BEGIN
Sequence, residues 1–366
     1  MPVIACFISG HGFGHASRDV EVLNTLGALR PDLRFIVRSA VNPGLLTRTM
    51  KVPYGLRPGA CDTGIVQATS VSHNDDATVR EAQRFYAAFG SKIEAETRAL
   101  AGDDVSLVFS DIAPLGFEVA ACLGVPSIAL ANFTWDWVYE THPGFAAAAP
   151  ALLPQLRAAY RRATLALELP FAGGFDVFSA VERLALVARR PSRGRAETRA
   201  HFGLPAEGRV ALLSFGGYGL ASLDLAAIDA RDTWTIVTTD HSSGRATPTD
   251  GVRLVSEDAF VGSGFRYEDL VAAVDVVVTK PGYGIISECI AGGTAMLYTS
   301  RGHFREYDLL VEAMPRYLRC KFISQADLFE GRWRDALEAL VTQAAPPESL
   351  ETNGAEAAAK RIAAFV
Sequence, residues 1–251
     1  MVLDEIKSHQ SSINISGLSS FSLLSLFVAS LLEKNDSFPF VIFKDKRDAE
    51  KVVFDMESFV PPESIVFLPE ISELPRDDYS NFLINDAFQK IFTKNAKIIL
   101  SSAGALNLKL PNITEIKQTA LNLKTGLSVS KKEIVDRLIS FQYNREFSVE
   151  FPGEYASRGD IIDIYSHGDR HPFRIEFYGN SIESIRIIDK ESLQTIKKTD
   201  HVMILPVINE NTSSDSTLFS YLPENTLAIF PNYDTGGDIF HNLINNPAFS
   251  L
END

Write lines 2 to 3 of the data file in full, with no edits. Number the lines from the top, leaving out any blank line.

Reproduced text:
     1  MPVIACFISG HGFGHASRDV EVLNTLGALR PDLRFIVRSA VNPGLLTRTM
    51  KVPYGLRPGA CDTGIVQATS VSHNDDATVR EAQRFYAAFG SKIEAETRAL